I assume merely trying to recoup losses for this example. Martingales always add in a little extra to earn next years bonus!
Capital = 10 units, trade size = 1
1st Bet: risk 1 unit .... 1 loss
2nd bet : risk 2 units ... lose 2 (total losses = 3) (or win, go home, a good day!)
3rd Bet: risk 3 units ... lose 3 (total losses now = 6) (or win, go home, a good day!)
Borrow 2 more units capital
4th bet : risk 6 units ... lose 6 (total losses now at 12, original capital gone, 2 units owed) (or win, go home, a good day!)
Borrow 12 units capital
5th bet: risk 12 units ... lose 12 (total losses now = 24 more than double the original total capital.
Borrow 24 units ( = 2.4 x total capital officially accounted for ...)
We usually don’t get to the next trade because our trader has been identified as a rogue trader, and was sacked, arrested, and is no longer in a position to try rolling the dice again.
Unless .... what if the trader has access to unlimited capital, belonging to someone else, which he can access at will? Well, the obvious thing to do is to go for it, and get his job secured again! So he doubles up, again, and again ...... The amounts of money lost forms a logarithmic curve which is going vertical. The borrowing debt is exponential, all capital wiped out very early.
Remember Nick Leeson?
From Wikipedia: https://en.wikipedia.org/wiki/Nick_Leeson
Quote: In 1992, he was appointed general manager of a new operation in futures markets on the Singapore International Monetary Exchange (SIMEX). Barings had held a seat on SIMEX for some time, but did not activate it until Leeson was sent over. ...
From 1992, Leeson made unauthorized speculative trades that at first made large profits for Barings: £10 million, which accounted for 10% of Barings' annual income. He earned a bonus of £130,000 on his salary of £50,000 for that year.
However, his luck soon went sour and he used one of Barings' error accounts (accounts used to correct mistakes made in trading) to hide his losses. ... Leeson used this account to cover further bad trades. ...
By the end of 1992, the account's losses exceeded £2 million, which ballooned to £208 million by the end of 1994. ... The beginning of the end occurred on 16 January 1995, when Leeson placed a short straddle in the Singapore and Tokyo stock exchanges, essentially betting that the Japanese stock market would not move significantly overnight. ...
Leeson attempted to recoup his losses by making a series of increasingly risky new trades..., this time betting that the Nikkei Stock Average would make a rapid recovery. However, the recovery failed to materialize.
Leeson left a note reading "I'm Sorry" and fled Singapore on 23 February. Losses eventually reached £827 million (US$1.4 billion), twice the bank's available trading capital. After a failed bailout attempt, Barings was declared insolvent on 26 February. Unquote
As it happened, by a coincidence, I was in Baring’s London for a meeting with their prop traders that very day. After lunch I left just as people began running around in a frantic way. By the afternoon’s end their careers had taken a turn for the worse.
I’m thinking about the Greenspan interview above. Did he say “I’m sorry?” I need to play it again to check.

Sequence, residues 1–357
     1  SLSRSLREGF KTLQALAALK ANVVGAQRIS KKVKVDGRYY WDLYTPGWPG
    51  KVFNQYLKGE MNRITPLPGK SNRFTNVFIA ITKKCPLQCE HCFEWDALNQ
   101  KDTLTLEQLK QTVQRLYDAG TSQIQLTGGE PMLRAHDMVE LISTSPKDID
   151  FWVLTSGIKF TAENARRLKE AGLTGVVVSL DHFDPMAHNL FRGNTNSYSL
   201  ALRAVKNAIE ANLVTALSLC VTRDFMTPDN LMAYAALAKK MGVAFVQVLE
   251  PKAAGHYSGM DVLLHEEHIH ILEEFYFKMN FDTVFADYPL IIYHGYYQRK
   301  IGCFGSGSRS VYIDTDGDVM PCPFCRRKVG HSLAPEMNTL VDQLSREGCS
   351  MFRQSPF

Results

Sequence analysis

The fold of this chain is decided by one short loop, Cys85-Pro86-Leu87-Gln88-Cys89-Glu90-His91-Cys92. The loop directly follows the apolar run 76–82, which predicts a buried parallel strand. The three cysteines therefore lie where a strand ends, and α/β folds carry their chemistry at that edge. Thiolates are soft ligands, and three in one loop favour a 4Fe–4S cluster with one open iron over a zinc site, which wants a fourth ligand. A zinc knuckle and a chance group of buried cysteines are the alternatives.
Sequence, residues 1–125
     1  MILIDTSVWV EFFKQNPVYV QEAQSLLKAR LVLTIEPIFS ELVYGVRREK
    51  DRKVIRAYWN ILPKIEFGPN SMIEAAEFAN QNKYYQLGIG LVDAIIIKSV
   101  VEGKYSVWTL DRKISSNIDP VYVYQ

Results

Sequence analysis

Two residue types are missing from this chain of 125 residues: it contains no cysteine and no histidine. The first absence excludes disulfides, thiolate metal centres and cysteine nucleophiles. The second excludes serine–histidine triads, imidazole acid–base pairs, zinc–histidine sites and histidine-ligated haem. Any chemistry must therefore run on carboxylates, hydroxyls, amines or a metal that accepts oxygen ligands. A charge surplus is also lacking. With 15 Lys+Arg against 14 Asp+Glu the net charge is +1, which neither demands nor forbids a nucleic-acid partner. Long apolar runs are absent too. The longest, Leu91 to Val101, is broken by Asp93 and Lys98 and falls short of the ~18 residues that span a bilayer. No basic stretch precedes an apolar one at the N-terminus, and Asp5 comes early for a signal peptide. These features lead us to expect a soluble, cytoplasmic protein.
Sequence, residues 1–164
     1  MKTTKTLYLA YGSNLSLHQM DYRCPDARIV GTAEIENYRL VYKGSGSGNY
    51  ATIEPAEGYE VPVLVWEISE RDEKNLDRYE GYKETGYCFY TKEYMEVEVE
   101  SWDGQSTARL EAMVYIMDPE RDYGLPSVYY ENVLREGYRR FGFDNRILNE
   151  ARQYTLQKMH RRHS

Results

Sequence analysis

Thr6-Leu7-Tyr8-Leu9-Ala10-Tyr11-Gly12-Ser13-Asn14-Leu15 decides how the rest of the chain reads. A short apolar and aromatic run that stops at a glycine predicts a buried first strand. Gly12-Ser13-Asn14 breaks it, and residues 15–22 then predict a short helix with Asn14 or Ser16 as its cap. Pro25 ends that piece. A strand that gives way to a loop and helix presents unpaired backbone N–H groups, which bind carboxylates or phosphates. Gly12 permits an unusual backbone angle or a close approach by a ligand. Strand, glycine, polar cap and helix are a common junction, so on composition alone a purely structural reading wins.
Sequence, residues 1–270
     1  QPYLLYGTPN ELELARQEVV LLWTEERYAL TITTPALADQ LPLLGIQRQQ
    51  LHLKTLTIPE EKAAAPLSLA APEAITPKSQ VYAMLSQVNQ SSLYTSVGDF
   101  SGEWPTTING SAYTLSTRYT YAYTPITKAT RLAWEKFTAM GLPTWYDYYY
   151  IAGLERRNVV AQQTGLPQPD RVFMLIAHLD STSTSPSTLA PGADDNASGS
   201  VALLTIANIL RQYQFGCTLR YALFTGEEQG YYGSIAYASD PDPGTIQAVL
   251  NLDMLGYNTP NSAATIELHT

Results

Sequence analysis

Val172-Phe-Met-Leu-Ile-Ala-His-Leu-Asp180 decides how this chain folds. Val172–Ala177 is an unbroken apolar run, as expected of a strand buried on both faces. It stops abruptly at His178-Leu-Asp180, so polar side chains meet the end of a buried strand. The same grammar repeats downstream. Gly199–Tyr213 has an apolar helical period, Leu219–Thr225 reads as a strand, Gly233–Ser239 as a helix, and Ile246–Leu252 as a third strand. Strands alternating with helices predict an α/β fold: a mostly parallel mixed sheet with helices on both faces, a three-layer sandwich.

The trouble with the Martingale approach is that when a losing streak appears, and one always eventually will, and the bets get doubled, the sums begin to get enormous.
The Martingale works with high probability, almost certainty, provided the trader has an infinite amount of capital. He also requires enough time for the “make it back” and put the money back where it should be, before the auditors come looking. Until then, auditors are unwanted visitors. Really really REALLY unwanted. Disclosure has no place in this at all. Ability to avoid disclosure is a BIG enabling factor.
Unwanted auditing - like auditors at Fort Knox, I suppose. Maybe unwanted auditing like the Freedom of Information enquiry about the size of the Federal Reserve “unofficial loans” which were 17 Trillion bigger than previously mentioned. That FOIA would have ended up as the headline story below, and many like it:
Does this seem reminiscent of a Rogue Trader?
The Fed’s $ 16 Trillion Bailouts under-reported
All that “doubling up” done in secrecy, without knowledge of the auditors, obstruction of attempts for information and disclosure ... the whole thing sure has a lot of the same signature features.
I suppose that a central bank, knowing it can create money at will, will tend to regard the positive outcome of Martingale Trading as a certainty. (“Just print more, place the next bet, and then we win!"). But every trader in the world knows it is really a novice play engendered by hubris and a childlike innocence of reality. Every trader in the world is wondering how long the run for heads will last.
When required a central bank can always print more, for as long as they want. Or until confidence vanishes if that comes first. Then interest rates do funny things and they can’t print any more. The Greeks found that out.
Until then I’m glad that we have such brilliant strategists in charge of our central banks, currencies, bond markets, financial sectors, ... oh... everything I guess! Their intelligence, experience, urbane demeanor and sophistication is impressive. I love the cut of their suits for interviews which are inspiring. Any resemblance to Martingale traders is surely superficial, coincidental and totally unjustified. After all getting out of terminal financial danger is a skill we traders acquire from losing our own money. We learned that painful lesson early and will never forget it or repeat it. The central banks' PhDs are sure to know it too. Oh wait .... whose money are they trading with?
2014 to 2017 will be such an interesting time, don’t you think?